There are dozens if not hundreds of programming libraries that allow you to add charts to your websites. Most of them are rubbish. We believe we have tested most of the libraries out there, and there are only two we feel comfortable recommending:

Highcharts is a JavaScript charting library which renders vector-based, interactive charts in SVG (or VML for older versions of Internet Explorer). It is free for non-commercial use and commercial licenses start at $80. It is a flexible and well-designed library that includes all the most common chart types with plenty of customisation and interactivity options. Interestingly, even though Highcharts is a commercial product the source code is available to developers who want to make their own modifications or additions. With plenty of examples, good documentation and active user forums, Highcharts is a great choice for most development projects that need charting.


A wind rose for the South Shore Met Station in Oregon, created using Highcharts

gRaphaël is another JavaScript charting library built on top of Raphaël (see next section). Like HighCharts, gRaphaël renders SVG graphics on modern browsers, falling back to VML for IE versions before 9. It’s not a very mature library with limited capabilities, few chart types, even fewer examples and pretty much non-existent documentation. It is, however, available under proper open source licences and could serve as a basis for great things.

Special requirements and custom visualisations

If you want full control of the look, feel and interactivity of your charts, or if you want to create a custom data visualisation for the web from scratch, the out-of-the box libraries mentioned previously will not suffice. In fact you’ll be surprised how soon you run into limitations that force you to compromise on design. So if you want to take it up a notch and follow the lead of some of the wonderful and engaging data journalism happening at the likes of the New York Times and The Guardian, the tool for you will probably be one of the following:

Raphaël, gRaphaël’s big brother. It is a powerful JavaScript library which works with vector graphics. It renders SVG graphics for modern browsers and falls back to VML for Internet Explorer 6, 7 and 8. It comes with a range of good-looking samples and decent documentation. Raphaël is open source, and any developer should be able to hit the ground running with it. We don’t recommend Raphaël for the advanced charting part, but for entirely custom data visualisations or small data apps it may very well be the right tool for the task.


This polar clock was created using Raphaël. The lines (from outside in) represent seconds, minutes, hours, days and months

Protovis is an open source JavaScript visualisation toolkit. Rather than simply controlling at a low level the lines and areas that are to be drawn, Protovis allows the developer to specify how data should be encoded in marks – such as bars, dots and lines – to represent it. This approach allows inheritance and scales that enable a developer to construct custom charts types and layouts which can easily take in new data without the need to write any additional code. Protovis natively uses SVG to render graphics, but a couple of efforts have been made to enable VML rendering, making it an option for older versions of Internet Explorer that still account for a significant proportion of traffic on the web.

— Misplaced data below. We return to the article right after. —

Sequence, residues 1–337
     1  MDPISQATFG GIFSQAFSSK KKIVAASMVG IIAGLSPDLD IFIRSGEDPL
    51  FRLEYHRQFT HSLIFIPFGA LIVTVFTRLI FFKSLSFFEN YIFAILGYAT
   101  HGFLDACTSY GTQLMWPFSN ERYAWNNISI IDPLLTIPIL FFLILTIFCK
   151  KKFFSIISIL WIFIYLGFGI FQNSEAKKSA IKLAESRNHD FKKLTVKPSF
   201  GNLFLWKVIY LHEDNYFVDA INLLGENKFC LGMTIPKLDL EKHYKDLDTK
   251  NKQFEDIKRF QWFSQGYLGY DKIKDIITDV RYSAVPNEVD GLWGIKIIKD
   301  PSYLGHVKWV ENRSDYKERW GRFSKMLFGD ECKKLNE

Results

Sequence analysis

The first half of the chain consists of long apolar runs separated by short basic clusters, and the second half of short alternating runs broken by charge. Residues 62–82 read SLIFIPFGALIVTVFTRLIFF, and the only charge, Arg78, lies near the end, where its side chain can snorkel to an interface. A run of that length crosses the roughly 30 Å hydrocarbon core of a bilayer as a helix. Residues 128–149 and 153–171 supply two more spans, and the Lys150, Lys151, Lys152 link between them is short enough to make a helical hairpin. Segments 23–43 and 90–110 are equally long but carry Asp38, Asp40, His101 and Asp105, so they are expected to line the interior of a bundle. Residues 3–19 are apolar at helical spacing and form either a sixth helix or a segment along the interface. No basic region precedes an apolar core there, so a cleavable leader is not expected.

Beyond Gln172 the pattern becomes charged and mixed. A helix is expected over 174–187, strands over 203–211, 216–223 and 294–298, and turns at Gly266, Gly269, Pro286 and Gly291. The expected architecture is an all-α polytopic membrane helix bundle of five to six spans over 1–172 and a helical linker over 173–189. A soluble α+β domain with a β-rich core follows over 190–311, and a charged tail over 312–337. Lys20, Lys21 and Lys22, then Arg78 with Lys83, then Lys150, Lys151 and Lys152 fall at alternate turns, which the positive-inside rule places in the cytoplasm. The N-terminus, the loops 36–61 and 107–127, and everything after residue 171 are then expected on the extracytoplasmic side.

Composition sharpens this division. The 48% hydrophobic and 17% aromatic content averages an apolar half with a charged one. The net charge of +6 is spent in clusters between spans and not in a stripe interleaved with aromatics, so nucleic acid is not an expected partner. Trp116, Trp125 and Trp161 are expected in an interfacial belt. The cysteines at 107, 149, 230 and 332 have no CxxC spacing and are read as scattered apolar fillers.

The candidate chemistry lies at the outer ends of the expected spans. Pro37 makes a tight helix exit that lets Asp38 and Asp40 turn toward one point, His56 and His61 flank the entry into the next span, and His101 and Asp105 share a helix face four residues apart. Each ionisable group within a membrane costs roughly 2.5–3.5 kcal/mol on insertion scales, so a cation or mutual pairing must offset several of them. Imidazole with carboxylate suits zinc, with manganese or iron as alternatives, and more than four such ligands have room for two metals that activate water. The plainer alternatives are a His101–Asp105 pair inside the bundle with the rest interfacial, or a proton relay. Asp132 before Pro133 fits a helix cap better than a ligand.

A Protovis streamgraph, described as a generalisation of stacked area graphs where the baseline is free. See more examples at bit.ly/czvYSB

D3.js is in many ways the successor to Protovis, building on many of the same concepts. The main difference is that instead of having an intermediate representation that separates the rendering of the SVG (or HTML) from the programming interface, D3 binds the data directly to the DOM representation. If you don’t understand what that means – don’t worry, you don’t have to. But it has a couple of consequences that may or may not make D3 more attractive to your needs. The first one is that it makes rendering faster therefore animations and smooth transitions become more feasible. The second is that it will only work on browsers that support SVG, so you will be leaving behind users of Internet Explorer versions 7 and 8.


A chord diagram, produced in D3. These show directed relationships among a group of entities

After thorough research of the available options, we chose Protovis as the base for building out DataMarket’s visualisation capabilities – with an eye on D3 as our future solution when modern browsers finally saturate the market. We see that happening about two years from now.

Hjalmar Gislason is the founder of DataMarket.com